A farming family living alongside an important piece of Murray Darling Basin infrastructure says it is losing cropping area rapidly due to the spread of saline land.
- Farmers living alongside the Noora Basin say salt spread is ruining their land
- Reports commissioned by one of the landowners say the spread has been greater than first thought
- SA’s Department for Environment and Water says the basin has been an environmental success
The Noora Drainage Disposal Basin is a salt deposit scheme located in South Australia’s Riverland, about 20 kilometres east of Loxton, which is used to pump salty water out of the main Murray River.
Commissioned in 1982, saline water is deposited in the basin so it does not end up being used by irrigators or having an adverse effect on wildlife.
But surrounding landholders say the salt is spreading further into their properties and at a greater rate than was initially predicted during the basin’s planning.
Yvette and Gary Frahn own land adjoining the basin and have operated a multi-purpose farming operation for the past 20 years.
Ms Frahn said the rate of land deterioration had resulted in her property losing about 40 hectares of cropping land to date.
“It starts as a bit of ground where the crop won’t grow, then over time the ground deteriorates in quality where it develops a black sludge and a crusty layer on top.
“When we brought this property 20 years ago we had three salt scolds at the time and we thought then that’s all there was and all there will be.”
Other landholders surrounding the basin have told the ABC they have lost between five and 10 hectares of land since the basin was established.
‘Low risk’ areas now under threat
The Frahns have been paying for soil experts to assess their land and put together reports on the findings to show the state government the scale of the land damage.
Reports compiled by agricultural consultant Chris McDonough argue the rate of land erosion has been faster than was set out when the basin was established and the planning data didn’t take into account variables in the surrounding land and climate over time.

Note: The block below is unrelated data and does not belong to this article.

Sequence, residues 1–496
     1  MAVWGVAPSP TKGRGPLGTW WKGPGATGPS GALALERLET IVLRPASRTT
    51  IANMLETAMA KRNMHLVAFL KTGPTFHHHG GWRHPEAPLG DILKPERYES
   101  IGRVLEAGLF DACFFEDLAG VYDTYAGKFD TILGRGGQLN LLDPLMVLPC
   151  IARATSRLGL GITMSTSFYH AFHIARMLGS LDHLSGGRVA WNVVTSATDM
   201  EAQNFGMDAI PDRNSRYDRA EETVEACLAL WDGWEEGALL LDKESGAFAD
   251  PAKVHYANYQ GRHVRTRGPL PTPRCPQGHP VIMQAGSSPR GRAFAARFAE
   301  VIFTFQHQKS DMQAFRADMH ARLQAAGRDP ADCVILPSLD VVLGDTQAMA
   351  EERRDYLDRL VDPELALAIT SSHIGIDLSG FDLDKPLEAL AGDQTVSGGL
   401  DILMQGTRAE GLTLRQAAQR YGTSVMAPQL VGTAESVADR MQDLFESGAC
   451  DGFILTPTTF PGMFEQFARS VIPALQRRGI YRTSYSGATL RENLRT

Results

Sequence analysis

“The Frahns clearly understand and support the important role that the SIS [salt interception scheme] has to play in protecting our river resource,” Dr McDonough’s report stated.
“They have, however, been diligently expressing their concerns over the degradation of their property resulting from the impacts of the NBSIS [Noora Basin Salt Interception Scheme], but remain frustrated by the lack of any positive action by the authorities involved to resolve these issues.”
The report stated zones which were designated as being of low risk of salinity damage from the basin were now high risk and need action.
Ms Frahn said the state government should have committed to ongoing monitoring after the basin’s completion to track any land damage.
“I think there are extraordinary opportunities to look at best practice management for all adjoining land that is affected by this particular scheme.”
The Frahns are now seeking compensation for the damage from the state government.
Basin ‘great environmental success story’
A spokesperson for the Department of Environment and Water said it was aware of the Frahns request for compensation for damage they allege was caused by the basin.
“Noora Basin commenced operations in 1982, 17 years before the landholder in question purchased their property.
“The risk of potential future salinisation of surrounding land was understood when the basin was established and was discussed with the neighbouring landholders at that time.
The spokesperson added the operation of salt interception schemes in the basin had been a “great environmental success story”.
“In addition, in spite of the high levels of salinity, the establishment of the Noora Basin has created a much more diverse and vibrant ecosystem, including native vegetation, bird and fish life, than had existed at that location previously,” the spokesperson said.
“The Noora Basin is also playing a key role in the delivery of environmental outcomes under the Basin Plan.”